Employers review policies as medical cannabis sales begin in Mississippi
With the first legal sales of medical cannabis recently occurring in Mississippi, employers should again take time to review (or familiarize) themselves with how Mississippi’s recent action in legalizing medical cannabis affects employers. On February 2, 2022, Governor Tate Reeves signed the Mississippi Medical Cannabis Act (“MMCA”) into law. Nearly a year after being signed into law, the MMCA finally saw its first sales on January 25, 2023, in Brookhaven, Mississippi, and Oxford, Mississippi, according to the Associated Press.
Now that the Act is in full bloom, employers must ensure they are well-positioned and prepared to handle the eventual reality of employing or interviewing a medical cannabis card holder or user. According to the most recent Mississippi Department of Health report, 2,311 applications for medical cannabis cards had been submitted with 1,321 being approved, as of December 2022. Those numbers should steadily grow.
To be blunt, the MMCA is highly favorable to employers, much more so than most states. Employers can take comfort in the following key provisions:
- Ban use – Employers are not required to permit, accommodate, or allow the use of medical cannabis.
- No modifications – Employers are not required to modify the job or working conditions of employees using medical cannabis.
- Refusal to Hire/Adverse Action – Employers are permitted to refuse to hire an applicant and can take adverse action against employees, up to and including termination. The employee’s impairment or lack of impairment does not affect this right.
- Discipline – Employers are permitted to discipline employees who ingest medical cannabis in the workplace or work under the influence of medical cannabis.
- Testing – Employers can establish or continue to use a drug testing policy.
- No Private Right of Action – Employers cannot be sued for taking an adverse action against an employee for use of medical cannabis.
- Workers’ Compensation Discount– Employers can maintain their premium discount if they have established a drug-free workplace program.
- Post-Accident Testing - Employers can still deny workers’ compensation benefits if an employee tests positive for medical cannabis post-accident or refuses to be tested for medical cannabis following an accident.
This now leaves employers asking themselves: what does this mean for me and should I do anything differently?
Generally, thanks to this employer-friendly law, as highlighted above, the answer is employers can keep on rollin’ and maintain the status quo. However, employers can also examine whether there is any benefit to updating their policies and procedures to consider allowing the use of medical cannabis by medical-cannabis-card-carrying employees in certain circumstances.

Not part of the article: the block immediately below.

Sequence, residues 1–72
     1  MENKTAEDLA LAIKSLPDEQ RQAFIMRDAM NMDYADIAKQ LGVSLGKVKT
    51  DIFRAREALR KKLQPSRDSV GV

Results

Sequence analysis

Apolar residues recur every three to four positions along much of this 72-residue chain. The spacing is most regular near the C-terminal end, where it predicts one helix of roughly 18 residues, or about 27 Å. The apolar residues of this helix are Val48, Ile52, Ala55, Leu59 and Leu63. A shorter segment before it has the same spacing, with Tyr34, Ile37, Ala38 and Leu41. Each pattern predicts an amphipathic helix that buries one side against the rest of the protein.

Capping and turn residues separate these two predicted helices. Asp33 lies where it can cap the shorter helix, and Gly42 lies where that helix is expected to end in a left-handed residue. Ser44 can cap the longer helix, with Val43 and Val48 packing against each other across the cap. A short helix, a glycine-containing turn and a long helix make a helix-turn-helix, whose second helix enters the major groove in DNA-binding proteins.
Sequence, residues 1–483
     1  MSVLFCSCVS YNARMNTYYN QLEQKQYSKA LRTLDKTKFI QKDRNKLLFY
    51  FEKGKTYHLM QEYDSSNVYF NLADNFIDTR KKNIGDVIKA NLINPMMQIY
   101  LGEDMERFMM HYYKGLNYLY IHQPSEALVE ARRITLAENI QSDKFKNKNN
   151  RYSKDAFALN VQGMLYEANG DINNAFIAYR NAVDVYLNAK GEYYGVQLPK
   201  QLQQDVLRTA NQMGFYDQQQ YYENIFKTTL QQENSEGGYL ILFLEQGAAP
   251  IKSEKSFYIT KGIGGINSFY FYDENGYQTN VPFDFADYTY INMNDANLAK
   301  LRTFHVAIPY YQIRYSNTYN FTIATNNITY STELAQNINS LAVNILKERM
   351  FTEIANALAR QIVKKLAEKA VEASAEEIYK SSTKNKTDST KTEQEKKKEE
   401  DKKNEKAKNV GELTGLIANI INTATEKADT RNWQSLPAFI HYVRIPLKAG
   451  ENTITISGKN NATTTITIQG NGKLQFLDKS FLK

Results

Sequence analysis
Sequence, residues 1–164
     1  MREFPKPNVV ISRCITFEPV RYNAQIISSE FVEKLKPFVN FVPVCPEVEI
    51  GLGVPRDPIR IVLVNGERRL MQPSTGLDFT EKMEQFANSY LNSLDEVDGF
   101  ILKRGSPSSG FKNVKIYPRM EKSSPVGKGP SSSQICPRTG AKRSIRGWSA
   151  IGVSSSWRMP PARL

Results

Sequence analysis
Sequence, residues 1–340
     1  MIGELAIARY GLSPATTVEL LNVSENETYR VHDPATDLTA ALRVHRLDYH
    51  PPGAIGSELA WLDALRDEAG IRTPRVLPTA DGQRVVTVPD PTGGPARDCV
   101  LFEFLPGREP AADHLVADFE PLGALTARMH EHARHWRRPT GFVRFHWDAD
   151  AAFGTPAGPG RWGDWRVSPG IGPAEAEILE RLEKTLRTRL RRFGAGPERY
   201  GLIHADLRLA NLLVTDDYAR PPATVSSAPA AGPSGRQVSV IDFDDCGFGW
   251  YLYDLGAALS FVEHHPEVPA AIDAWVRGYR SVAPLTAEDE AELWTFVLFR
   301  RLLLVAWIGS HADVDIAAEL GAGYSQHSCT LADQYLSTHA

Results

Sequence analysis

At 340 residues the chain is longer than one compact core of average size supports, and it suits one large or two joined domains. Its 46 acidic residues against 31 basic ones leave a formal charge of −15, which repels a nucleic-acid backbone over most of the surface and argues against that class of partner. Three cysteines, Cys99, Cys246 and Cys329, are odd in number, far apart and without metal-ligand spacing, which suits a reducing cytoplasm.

These considerations include:
- Do you plan to take full advantage of the protections provided by the MMCA?
- Should you maintain your zero-tolerance policy?
- Will you modify job or working conditions for medical cannabis users?
- Will you allow employees to use medical cannabis outside of work so long as they are not under the influence while on duty?
- Will you treat medical cannabis the same as other scheduled prescription drugs?
- Will you update your current employee drug testing policy?
- Will you require employees to disclose whether they have received a medical cannabis card?
- Will you require employees to disclose whether they have used medical cannabis?
- Will you treat employees who test positive for using cannabis differently depending on whether they have a medical cannabis card or not?
- What action or discipline will you take upon a finding that an employee uses cannabis?
- Will up update your pre-employment screening policy?
- Are you willing to forfeit your drug-free workplace status?
The answers to these questions will vary greatly depending on the employer’s industry, the nature of the employer’s business, the workplace and environment, the presence of the public, the machinery or transportation used by employees, the job duties of employees, the applicability of regulations requiring testing, and the position occupied by each employee. After thoughtful consideration, including seeking legal counsel, is given, the plan adopted should be reflected in all relevant employment documents (i.e. handbooks, policies, procedures), communicated to employees, and thereafter applied uniformly.
On the other hand, it is critical for employers, at least at this point, to recognize they can simply take advantage of the MMCA’s employer-friendly stance, while also monitoring for future developments that actually require action by employers. For example, employers should remain cognizant of the Americans with Disabilities Act and the Family Medical Leave Act and avoid taking any action based on the underlying condition itself that allowed the employee to receive a medical cannabis card and not the actual use alone. Additionally, employers should remain aware of the federal government’s position on the criminalization of cannabis.
Unlike employers in many of the thirty-seven other states that currently allow for the use of medical cannabis, Mississippi employers can avoid getting in the weeds regardless of the position they take.